- Page 1Toshiba AT200
- Page 2 Android OS, Apps and Performance
- Page 3 Screen, Video Playback, Music
- Page 4 Cameras, Battery Life and Verdict
The Toshiba AT200 has two cameras. There’s a 5-megapixel back sensor, accompanied by an LED flash, and a 2-megapixel sensor on the front.
As usual, in perfect light the tablet is capable of producing reasonable shots. On a bright, sunny day in London, the AT200 leaves colours looking a little washed-out and lifeless, but a decent level of detail is captured. Looking a little closer, though, there’s significant chromatic aberration in dark areas, even with this near-perfect lighting. It’ll do for posting online, but not for printing out at any size larger than 6x4in.
In less-than perfect lighting, performance slides quickly off a cliff. Lines of image distortion cover low-light images – and they stay visible even when the flash is used. Having the flash to fall back on is a significant bonus, although for late-night party photography, we’d pick a smartphone over a tablet any day.
Perhaps the biggest disappointments of the Toshiba AT200’s camera are in its software rather than hardware, though. Using the standard Android Honeycomb camera interface, there’s no way to touch-focus. You can only hit the virtual shutter button and hope the sensor’s autofocus chooses the same subject as you. And it rarely does in close-up. This is another thing that leaves us wanting the Android Ice Cream Sandwich update – it has a much-improved camera app.
There is a macro mode, but not having a manual focal point limits its usefulness. The 5-megapixel sensor isn’t capable of reaping particularly impressive levels of detail anyway.
With video maxing-out at 1080p, the Toshiba AT200 is on-par with the top Android tablets. However, the sensor reverts to a fixed focus when recording video, reducing its versatility somewhat.
Other than quality settings, you have access to a few basic colour effects (sepia, negative, aqua tint) and a handful of white balance settings. Ice Cream Sandwich also brings a boatload of fun active effects, and hopefully the AT200 will benefit from those in time.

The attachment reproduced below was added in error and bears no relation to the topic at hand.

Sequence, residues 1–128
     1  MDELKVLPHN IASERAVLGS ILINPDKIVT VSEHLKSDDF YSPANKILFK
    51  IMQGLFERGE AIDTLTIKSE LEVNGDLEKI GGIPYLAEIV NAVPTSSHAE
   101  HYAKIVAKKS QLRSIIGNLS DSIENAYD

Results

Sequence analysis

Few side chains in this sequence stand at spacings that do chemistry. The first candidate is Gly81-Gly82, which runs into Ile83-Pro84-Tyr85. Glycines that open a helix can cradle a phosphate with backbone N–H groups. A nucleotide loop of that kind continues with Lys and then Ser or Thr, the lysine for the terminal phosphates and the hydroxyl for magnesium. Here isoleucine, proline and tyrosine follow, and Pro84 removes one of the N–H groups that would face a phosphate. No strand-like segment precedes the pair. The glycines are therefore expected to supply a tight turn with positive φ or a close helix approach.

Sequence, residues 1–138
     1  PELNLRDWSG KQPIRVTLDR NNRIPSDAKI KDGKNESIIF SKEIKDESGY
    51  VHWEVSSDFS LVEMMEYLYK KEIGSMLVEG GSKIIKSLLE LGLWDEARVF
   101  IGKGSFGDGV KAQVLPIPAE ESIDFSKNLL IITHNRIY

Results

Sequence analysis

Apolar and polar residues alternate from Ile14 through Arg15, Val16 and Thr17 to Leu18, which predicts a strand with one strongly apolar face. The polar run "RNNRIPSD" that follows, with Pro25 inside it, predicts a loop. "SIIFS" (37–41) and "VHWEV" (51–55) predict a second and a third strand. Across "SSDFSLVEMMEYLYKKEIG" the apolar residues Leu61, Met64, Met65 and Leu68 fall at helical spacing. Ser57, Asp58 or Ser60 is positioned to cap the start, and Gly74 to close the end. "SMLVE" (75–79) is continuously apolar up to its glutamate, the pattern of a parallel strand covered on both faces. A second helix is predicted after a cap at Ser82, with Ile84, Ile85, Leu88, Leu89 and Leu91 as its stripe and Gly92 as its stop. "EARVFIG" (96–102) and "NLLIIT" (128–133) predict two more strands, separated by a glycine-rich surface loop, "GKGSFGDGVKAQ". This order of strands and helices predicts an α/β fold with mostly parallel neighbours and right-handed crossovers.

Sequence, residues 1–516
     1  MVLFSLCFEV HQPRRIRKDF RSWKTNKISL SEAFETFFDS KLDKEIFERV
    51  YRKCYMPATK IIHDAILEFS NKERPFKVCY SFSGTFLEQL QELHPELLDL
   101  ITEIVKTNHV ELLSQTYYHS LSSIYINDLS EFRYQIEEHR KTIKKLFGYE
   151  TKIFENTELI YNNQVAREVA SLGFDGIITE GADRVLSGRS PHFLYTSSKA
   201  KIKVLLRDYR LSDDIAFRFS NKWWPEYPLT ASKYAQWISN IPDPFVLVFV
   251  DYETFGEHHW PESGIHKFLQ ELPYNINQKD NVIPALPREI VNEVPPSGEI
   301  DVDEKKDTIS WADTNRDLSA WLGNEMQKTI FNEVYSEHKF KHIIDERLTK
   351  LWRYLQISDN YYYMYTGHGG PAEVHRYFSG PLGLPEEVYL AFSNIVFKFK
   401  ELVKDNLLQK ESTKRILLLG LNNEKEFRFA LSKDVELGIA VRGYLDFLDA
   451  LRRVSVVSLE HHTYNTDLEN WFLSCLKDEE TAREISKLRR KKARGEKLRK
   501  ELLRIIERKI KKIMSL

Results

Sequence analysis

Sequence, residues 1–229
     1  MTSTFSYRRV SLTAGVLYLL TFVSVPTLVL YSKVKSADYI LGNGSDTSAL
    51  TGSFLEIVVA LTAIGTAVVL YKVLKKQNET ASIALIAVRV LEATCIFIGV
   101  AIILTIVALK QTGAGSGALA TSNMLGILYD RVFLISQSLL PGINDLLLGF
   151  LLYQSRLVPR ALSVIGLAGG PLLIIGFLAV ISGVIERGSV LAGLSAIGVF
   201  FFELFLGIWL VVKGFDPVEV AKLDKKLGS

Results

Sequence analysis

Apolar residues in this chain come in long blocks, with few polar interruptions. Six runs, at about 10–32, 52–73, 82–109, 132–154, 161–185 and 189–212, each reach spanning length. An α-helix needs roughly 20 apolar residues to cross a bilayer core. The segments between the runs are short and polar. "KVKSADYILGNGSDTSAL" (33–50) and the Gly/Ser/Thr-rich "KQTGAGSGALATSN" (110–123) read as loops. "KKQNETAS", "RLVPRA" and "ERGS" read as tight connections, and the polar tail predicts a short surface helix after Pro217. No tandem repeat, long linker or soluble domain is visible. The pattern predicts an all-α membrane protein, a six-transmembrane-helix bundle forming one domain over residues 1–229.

With a claimed eight hours of battery life, the Toshiba AT200 should in theory be on-par with the big players of 2011 on battery (erm, apart from the iPad 2). However, the light, slim frame has knock-on effect here. It doesn’t quite manage the 8hr figure, lasting six hours when playing a looped video. It’s not a terrible performance, but you can get better stamina elsewhere.
The Toshiba AT200 feels like a tablet built with superlatives in mind. It wants to be the slimmest tablet – and in that sense at least, it has suceeded. However, more important elements, such as performance, software and screen quality, don’t quite meet expectations. It offers a good Android experience, but we’d rather use the best tabs from 2011, which are available for less cash.
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The Toshiba AT200 is an unusually slim, unusually light Android tablet with a 10.1in screen. However, we can’t shake the feeling that it’s turning up in last season’s clothes. Its OS is getting on a bit, the screen performance is mediocre in its class and while it’s slim, build isn’t as good as some rivals.
Score in detail
Screen Quality 6
Battery Life 6
|Processor||1.2GHz dual-core TI OMAP|
|Memory (RAM) (Gigabyte)||1GB|
|Internal Storage (Gigabyte)||32GB|
|Camera (Megapixel)||5MP Megapixel|
|Front Facing Camera (Megapixel)||2MP Megapixel|
|Display Size (Inch)||10.1in|